Tuesday, January 30, 2007

Peace of Mind Despite a ConEd Foul Up

I just came across this post, "ConEd Customer's Personal Info Highly Vulnerable To Online Theft" from The Consumerist warning that ConEd's online account system can be cracked by running a simple "brute-force" program that basically tries every single numeric permutation of the ConEd account numbers (which is all that is needed to access an individual's account). As the Consumerist explains, once you are in a person's account, you have access to a bevy of valuable personal information. Not too good.

As a ConEd customer who pays via their automated online billing system, that definitely raised an internal alarm. And then, I'll admit, a sigh of relief. And so what follows is a plug for a recent Bessemer portfolio company, Lifelock. (Connecting the dots for full disclosure: I am employed by Bessemer, and therefore have invested interest in Lifelock.)

Lifelock provides what they call "Identify Theft Prevention." Basically, they proactively monitor unauthorized uses of your credit information. So if someone tries to use your social security number to take out a car loan, you get a phone call asking to approve that request, therefore enabling you to proactively thwart any unauthorized requests. As an added bonus, Lifelock also removes your name from pre-approved credit card lists (goodbye, CapitalOne!) and other junk mail lists.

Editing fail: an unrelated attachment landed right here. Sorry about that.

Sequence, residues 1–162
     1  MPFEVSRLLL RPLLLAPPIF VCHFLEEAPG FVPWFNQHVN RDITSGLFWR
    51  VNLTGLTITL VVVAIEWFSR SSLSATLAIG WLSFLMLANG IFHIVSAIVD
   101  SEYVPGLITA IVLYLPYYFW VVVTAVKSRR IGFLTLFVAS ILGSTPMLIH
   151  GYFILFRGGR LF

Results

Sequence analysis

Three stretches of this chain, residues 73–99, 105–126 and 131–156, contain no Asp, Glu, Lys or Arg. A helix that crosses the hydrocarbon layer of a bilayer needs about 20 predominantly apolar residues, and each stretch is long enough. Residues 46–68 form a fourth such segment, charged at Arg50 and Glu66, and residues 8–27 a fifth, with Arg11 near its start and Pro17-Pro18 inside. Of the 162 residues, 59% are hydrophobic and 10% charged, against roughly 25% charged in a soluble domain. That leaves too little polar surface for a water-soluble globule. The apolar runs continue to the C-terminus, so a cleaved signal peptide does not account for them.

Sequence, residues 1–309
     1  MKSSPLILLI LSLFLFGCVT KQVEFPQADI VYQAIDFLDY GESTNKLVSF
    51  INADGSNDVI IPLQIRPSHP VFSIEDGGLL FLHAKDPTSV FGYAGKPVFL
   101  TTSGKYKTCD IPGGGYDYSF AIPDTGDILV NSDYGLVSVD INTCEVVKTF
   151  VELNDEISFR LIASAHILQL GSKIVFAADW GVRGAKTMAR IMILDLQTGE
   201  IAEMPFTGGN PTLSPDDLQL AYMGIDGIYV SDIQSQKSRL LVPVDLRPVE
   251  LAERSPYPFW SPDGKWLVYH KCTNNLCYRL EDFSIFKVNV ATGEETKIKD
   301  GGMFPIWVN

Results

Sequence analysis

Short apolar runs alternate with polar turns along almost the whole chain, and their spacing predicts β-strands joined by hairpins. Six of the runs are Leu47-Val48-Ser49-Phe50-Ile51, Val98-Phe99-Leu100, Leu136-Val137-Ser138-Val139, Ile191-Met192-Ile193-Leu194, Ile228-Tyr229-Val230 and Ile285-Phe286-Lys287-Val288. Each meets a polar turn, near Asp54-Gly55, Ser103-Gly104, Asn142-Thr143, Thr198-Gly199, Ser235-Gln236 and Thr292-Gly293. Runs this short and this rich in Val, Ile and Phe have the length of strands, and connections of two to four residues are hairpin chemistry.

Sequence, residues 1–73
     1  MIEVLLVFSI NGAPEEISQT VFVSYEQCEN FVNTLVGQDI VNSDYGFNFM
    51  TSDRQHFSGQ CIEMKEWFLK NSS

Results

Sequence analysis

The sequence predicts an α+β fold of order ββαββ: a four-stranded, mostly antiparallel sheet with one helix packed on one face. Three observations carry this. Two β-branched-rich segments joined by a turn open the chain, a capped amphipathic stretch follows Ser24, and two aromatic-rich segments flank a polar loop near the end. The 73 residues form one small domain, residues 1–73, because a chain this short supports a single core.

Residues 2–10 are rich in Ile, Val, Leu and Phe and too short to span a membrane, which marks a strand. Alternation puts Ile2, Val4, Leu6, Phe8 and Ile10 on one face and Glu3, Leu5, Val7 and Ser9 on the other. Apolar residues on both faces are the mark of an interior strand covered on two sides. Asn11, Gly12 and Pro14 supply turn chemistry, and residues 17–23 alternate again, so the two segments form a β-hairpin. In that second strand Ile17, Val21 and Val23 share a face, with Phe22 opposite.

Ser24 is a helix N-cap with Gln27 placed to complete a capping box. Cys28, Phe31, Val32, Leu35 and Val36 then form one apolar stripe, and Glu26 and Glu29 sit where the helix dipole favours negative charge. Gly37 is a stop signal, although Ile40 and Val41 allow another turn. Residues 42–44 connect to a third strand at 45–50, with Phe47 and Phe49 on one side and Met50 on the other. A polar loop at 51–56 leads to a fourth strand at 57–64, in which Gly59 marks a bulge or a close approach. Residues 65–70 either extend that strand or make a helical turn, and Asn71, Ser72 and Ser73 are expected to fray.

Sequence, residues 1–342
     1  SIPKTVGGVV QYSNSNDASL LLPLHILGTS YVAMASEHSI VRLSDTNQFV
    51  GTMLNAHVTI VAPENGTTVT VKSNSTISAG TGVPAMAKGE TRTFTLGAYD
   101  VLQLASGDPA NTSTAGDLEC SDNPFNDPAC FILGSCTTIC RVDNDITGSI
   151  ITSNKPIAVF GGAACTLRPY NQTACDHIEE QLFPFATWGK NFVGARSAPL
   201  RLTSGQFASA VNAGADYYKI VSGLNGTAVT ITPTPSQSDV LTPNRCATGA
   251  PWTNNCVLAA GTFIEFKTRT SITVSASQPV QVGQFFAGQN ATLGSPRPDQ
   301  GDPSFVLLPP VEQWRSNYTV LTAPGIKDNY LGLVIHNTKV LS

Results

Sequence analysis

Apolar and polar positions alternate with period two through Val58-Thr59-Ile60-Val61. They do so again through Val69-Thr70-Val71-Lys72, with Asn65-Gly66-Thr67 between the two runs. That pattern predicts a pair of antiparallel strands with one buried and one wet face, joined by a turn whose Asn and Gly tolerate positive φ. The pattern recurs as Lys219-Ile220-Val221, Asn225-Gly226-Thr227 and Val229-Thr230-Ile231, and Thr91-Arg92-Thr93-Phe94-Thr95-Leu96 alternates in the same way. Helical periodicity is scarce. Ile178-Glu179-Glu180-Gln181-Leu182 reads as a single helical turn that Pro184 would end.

I'll admit that when I first heard of Lifelock, it seemed to me that only the most risk averse of people would pay the ~$100/yr fee for this kind of protection. That was until I got a bill from Bank of America for something like $135. I didn't realize it, but I had already been paying BoA to protect my identity for the past year! Indignant for being charged for something I thought I had canceled a long time ago (I had signed up for one of those 30-day trials), I canceled the BoA service. But this suddenly left me feeling oddly exposed. I don't think BoA caught anything amiss, but how stupid would I feel if I canceled the service and then found myself sans identity!? This was all the impetus I needed to run to Lifelock's website and sign myself up for the 1 year contract. I'm very glad I did.

I'm not sure whether someone (or some people!) found the hole in ConEd's system already and has created a nice little database which includes my personal information, but I definitely feel some peace of mind knowing that I have some protection here. If you are in ConEd's system, you might want to consider doing the same. Because it is time we all realize exactly what I realized when I canceled my BoA service: our identities are exposed. And we need to be proactive to protect ourselves.